EMI attracted attention. The off-key showbiz group was busily traded, with the shares edging forward 7p to 364p: there was vague talk of corporate action.

Arjo Wiggins Appleton, the paper and publishing group which was once a hot bid favourite, managed a 10p gain to 127.5p.

Corporate action, real or rumoured, was not responsible. HSBC, the investment house which has been exceedingly active this week, was behind the rise; it likes the shares and set a 170p price target. But CSFB cut its profit estimates from pounds 230m to pounds 215m. In the past year AWA has been as high as 254p and five years ago was riding at 315p.

Burn Stewart, the Scotch whisky group, tumbled into losses and fell 2.5p to 8.5p. The departure of chairman LD O'Neill left Stentor, the Irish telecom group, 2p off at 12.5p.

British World Aviation, the old Castle Mill International, started trading at around 13p.

Ahead of figures next week the Pilkington glass group fell 3p to 63p. Interims are not expected to be inspiring, with around pounds 60m against pounds 67m last time. Pilks could accompany its figures with details of more restructuring, and perhaps more job cuts.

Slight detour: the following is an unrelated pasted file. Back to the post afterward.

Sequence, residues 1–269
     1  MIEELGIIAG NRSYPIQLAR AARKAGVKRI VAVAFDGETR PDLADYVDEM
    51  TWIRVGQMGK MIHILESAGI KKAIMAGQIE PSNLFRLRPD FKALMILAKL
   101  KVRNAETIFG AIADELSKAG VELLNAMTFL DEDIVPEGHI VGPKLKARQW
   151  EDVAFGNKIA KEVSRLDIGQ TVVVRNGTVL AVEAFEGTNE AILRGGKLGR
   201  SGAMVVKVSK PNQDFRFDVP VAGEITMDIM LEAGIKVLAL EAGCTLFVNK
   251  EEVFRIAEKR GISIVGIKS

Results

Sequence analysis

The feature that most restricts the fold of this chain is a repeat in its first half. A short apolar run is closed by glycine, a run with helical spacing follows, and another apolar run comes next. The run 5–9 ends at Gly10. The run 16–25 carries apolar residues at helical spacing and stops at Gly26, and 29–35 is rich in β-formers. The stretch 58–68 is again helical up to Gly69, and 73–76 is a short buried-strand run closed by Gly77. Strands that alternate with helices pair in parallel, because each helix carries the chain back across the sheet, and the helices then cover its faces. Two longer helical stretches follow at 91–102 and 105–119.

Rank, the leisure group, was another in the doldrums. Talk of disappointing figures to come and further pressure for management changes left the shares 5.5p off at 236.75p.

Vanguard Medica, the drugs group, fell 21p to 189p as it abandoned hopes of raising extra cash from warrants. It thought about extending December's deadline, but with the exercise price a cool 500p it realised there was little, probably no, chance of any take-up.

The warrants were issued as part of a fund-raising exercise last year and would, if fully converted, have raised around pounds 22m. Vanguard said it had cash and short-term investments worth pounds 40m and was "well financed" for the next two years. Its shares were 653p earlier this year.




VICKERS, the engineering group which sold off Rolls-Royce Motors earlier this year, could soon find itself engulfed in bid action.

TI Group, little changed at 369p, is thought to be the likely predator. Vickers looks vulnerable - its shares were as high as 286p two years ago, but they have since been caught in the downturn which has eroded the value of so many engineering groups with their sensitivity to sterling's foreign exchange rates.

TI has flexed its take over muscles recently; its shares, too, are far from their 690p high.

HANSON, the rump of the once sprawling Hanson conglomerate, is one of the few shares riding at around a year's high. They held at 395p as investment house SG Securities made bullish noises, talking about a "cash-rich balance sheet and prodigious cash flow".

Analyst Howard Proctor sees the profits of the building materials group coming out at about pounds 240m this year and reaching pounds 272m in the millennium year.

Since the four-way demerger, Hanson shares have had an erratic time. Early this year they were down to 250p.